Cashing Out: The Rise of M&A in Bankruptcy
59 Pages Posted: 10 Jan 2015 Last revised: 16 Mar 2016
Date Written: March 6, 2016
The use of M&A in bankruptcy has increased dramatically, leading to concerns that Chapter 11 leads to excessive liquidation of viable firms. We examine the drivers of M&A activity, based on factors specific to Chapter 11 as well as more general factors that drive M&A waves for non-distressed firms. M&A in bankruptcy is counter-cyclical, and is more likely when the costs of financing a reorganization are greater than financing costs to a potential acquirer. Consistent with a senior creditor liquidation bias, the greater use of secured debt leads to more sales in bankruptcy, but this result holds only for sales that preserve going concern value. We also show that overall creditor recovery rates are higher for firms with more secured debt, and that recoveries and post-bankruptcy survival rates are not different when bankrupt firms sell businesses as going concerns versus reorganizing independently. Our results are consistent with the efficient redeployment of assets via sales in bankruptcy.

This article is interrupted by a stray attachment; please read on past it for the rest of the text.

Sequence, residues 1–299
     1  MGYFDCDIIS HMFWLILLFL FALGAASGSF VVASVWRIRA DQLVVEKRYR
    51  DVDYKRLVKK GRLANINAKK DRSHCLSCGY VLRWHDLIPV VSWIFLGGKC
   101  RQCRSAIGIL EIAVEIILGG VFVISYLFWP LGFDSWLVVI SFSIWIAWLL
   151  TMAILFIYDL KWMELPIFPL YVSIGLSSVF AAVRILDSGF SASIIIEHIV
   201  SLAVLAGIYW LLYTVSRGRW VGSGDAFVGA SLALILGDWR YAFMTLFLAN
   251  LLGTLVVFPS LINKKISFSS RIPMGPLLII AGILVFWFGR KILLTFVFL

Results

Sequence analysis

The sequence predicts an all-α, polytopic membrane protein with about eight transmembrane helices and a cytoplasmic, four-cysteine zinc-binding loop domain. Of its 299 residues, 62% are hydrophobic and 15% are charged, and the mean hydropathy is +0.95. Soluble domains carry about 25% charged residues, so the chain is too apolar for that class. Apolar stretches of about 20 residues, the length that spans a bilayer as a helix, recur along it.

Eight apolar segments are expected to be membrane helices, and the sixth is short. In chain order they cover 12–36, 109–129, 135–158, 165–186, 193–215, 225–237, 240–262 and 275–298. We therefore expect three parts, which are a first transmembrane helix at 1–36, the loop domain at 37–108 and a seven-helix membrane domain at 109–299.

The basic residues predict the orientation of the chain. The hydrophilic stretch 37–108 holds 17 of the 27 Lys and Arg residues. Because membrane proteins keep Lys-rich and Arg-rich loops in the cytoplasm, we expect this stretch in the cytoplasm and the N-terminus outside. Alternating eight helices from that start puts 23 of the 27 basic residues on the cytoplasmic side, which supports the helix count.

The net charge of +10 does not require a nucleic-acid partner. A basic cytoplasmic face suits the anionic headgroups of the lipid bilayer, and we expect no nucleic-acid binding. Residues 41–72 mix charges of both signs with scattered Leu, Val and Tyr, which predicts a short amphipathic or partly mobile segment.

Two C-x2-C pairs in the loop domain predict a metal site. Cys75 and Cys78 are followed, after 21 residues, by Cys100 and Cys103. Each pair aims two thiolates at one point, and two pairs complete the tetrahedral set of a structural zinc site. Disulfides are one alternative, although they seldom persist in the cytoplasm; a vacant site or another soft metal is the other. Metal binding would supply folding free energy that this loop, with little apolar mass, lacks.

Keywords: Chapter 11, Bankruptcy, Mergers and Acquisitions, Section 363, Asset Sales, Liquidations, Creditor Control
JEL Classification: G33, G34
Suggested Citation: Suggested Citation